NEW YORK (TheStreet) -- "When I grow up, I want to be a millionaire." Everyone says this while they're young. In fact, applications to become a millionaire are being filled out every day. However, not everyone can handle the job.
Ask all of those broke athletes who are still playing a sport when they have long passed their retirement age -- risking long-term injury because their $5 million mansion is in foreclosure.
I suppose you can say Pedro Quezada was just "hired" after he, a 45-year-old bodega worker, cashed in a
, the fourth-largest Powerball payout in the lottery game's history.
According to New Jersey state officials, Quezada will take home roughly $152 million after taxes, which is still quite a bit of money. However, the money is only part of the job. It's a responsibility that very few are ever prepared to handle.
Here's the problem: Quezada's new wealth has also brought him many new responsibilities. Holding the job of millionaire requires more skill sets than what your bank account says. He's going to have to become a politician, a philanthropist, home builder, scholarship funder, wedding planner and, of course, a bank.
Essentially, even millionaires have to abide by the "other duties as assigned" restriction. These are just a few responsibilities that his family members will give him. Whether Quezada realizes this or not, his family is now the boss. They are the ones who will determine how long he holds his millionaire job.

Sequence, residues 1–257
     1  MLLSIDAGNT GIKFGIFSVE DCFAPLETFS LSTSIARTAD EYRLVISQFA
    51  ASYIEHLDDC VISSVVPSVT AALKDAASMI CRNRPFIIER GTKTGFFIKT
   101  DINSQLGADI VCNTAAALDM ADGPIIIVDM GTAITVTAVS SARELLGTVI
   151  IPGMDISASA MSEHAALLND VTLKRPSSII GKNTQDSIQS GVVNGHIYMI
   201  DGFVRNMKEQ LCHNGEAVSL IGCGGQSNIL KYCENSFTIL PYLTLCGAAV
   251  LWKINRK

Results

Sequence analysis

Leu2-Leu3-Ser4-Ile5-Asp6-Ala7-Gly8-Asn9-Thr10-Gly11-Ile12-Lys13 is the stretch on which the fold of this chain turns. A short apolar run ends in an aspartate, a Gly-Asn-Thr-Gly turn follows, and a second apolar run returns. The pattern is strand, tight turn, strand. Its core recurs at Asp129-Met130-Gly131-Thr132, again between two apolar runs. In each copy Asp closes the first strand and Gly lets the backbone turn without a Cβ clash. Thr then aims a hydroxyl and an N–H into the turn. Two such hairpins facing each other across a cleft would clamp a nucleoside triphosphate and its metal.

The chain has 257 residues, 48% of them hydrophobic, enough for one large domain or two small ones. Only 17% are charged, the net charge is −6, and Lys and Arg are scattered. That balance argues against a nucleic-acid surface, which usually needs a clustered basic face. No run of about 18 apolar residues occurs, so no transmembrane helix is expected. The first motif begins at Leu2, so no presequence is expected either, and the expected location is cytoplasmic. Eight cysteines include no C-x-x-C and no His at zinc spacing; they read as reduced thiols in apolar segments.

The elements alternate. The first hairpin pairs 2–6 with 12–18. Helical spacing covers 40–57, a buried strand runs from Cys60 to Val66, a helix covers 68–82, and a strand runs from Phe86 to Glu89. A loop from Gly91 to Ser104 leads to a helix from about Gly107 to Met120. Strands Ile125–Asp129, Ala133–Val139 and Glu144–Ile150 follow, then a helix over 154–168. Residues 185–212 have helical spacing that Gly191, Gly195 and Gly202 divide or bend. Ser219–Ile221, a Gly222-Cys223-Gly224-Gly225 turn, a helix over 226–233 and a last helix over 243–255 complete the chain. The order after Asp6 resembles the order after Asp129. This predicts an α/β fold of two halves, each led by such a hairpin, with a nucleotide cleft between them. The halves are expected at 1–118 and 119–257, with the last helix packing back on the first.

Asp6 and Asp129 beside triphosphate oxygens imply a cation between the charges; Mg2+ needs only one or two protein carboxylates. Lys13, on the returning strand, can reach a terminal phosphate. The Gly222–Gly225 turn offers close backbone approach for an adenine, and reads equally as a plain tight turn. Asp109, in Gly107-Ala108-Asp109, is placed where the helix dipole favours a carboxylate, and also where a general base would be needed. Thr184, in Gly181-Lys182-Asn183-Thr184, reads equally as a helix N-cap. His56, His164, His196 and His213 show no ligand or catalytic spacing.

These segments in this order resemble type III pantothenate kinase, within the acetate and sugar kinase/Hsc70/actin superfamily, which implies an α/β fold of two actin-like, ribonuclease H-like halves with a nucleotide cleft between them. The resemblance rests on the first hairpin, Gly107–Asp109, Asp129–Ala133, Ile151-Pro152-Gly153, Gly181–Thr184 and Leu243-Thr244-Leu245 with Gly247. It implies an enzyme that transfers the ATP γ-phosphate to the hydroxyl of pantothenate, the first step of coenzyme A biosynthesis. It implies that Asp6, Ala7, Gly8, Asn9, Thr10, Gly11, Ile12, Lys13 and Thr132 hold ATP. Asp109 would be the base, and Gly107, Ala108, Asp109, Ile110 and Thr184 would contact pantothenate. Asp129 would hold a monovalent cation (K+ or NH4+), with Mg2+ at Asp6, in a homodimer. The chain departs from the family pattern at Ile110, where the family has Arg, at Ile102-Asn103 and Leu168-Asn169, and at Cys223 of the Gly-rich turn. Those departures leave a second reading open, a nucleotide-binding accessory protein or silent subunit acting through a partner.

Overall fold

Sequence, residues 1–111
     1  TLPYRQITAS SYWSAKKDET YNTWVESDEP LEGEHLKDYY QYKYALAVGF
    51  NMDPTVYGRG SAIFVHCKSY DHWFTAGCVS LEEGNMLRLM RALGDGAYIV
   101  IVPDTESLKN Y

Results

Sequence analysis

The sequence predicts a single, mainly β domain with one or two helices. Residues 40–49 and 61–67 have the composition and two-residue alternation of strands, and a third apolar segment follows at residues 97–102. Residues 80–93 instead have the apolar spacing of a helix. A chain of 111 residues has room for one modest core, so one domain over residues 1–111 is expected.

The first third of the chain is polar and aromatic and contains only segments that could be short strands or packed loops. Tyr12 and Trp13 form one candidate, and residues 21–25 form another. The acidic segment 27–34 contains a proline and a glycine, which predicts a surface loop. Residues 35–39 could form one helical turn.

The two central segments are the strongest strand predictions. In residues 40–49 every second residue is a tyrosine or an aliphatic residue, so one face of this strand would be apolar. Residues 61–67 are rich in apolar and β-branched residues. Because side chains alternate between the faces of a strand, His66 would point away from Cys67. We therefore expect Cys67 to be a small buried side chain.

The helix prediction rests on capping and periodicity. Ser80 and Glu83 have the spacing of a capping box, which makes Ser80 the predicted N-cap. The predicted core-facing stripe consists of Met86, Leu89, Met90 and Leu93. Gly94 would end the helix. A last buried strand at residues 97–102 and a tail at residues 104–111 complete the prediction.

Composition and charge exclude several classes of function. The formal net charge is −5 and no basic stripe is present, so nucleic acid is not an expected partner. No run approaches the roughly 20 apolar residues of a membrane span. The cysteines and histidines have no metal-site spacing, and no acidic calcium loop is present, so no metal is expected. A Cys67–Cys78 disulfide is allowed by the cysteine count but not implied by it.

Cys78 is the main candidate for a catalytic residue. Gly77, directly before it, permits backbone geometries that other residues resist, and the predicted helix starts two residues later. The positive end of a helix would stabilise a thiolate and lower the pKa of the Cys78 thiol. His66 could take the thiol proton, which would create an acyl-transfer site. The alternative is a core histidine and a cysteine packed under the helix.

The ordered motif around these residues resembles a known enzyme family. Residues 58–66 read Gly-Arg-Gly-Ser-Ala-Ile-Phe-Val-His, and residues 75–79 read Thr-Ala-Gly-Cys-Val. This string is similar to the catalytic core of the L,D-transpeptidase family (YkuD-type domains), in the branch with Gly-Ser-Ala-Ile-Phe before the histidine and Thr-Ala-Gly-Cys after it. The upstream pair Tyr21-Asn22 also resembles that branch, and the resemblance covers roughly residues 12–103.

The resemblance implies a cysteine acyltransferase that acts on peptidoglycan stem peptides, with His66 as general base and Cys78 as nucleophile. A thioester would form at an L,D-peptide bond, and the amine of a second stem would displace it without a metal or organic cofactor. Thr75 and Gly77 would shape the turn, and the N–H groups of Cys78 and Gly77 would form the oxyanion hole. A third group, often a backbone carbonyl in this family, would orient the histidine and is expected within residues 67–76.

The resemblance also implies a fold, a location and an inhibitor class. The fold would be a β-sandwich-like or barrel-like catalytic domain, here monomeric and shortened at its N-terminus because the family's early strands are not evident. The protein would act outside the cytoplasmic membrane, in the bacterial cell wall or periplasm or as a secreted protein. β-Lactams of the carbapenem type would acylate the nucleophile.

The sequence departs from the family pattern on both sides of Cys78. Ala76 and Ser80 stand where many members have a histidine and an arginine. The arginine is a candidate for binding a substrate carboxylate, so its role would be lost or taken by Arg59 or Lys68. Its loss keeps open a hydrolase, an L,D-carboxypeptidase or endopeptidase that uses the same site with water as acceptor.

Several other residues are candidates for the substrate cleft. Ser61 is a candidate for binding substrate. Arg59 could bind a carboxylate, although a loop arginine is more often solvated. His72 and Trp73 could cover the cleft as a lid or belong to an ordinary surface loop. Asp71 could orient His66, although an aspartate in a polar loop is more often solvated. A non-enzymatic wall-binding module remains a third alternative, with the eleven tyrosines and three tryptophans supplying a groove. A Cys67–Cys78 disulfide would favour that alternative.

However, to preserve his wealth, he needs to become a corporation. If Quezada is lucky enough to escape the grips of his family, there are still federal and legal battles to deal with. I'm no expert on millionaires, but I've studied large corporations pretty well.
Home economics and the internal operations of large corporations are not that different. No offense to Quezada, but while he seems like a nice guy I don't think he has an MBA. This is the same issue that has plagued broke athletes whose first real understanding of money came from an agent -- not exactly an upstanding industry.
In that regard, I would advise Quezada to immediately hire a tax attorney and a licensed financial planner. This is how he should first build his "corporation." He should ignore the unsolicited opinions of everyone else, and there will be plenty. A good licensed CPA, like a great CFO, can make or break any company. This is what Quezada must realize.
For now, I would congratulate Quezada on his new "gig." It remains to be seen, however, how long his tenure under his millionaire title will last. Statistics show that previous winners get fired at an alarming rate. Infractions include gross incompetence, or this case, fiscal negligence.
That's why millionaires often need so much more than what they have. The fear of losing their wealth is often a bigger burden than not having the money at all. "More money, more problems." While it's sometimes true, Quezada will tell you it's at least better than the alternative.
Let's hope he keeps the "job."
This article was written by an independent contributor, separate from TheStreet's regular news coverage.
Richard Saintvilus is a private investor with an information technology and engineering background and has been investing and trading for over 15 years. He employs conservative strategies in assessing equities and appraising value while minimizing downside risk. His decisions are based in part on management, growth prospects, return on equity and price-to-earnings as well as macroeconomic factors. He is an investor who seeks opportunities whether on the long or short side and believes in changing positions as information changes.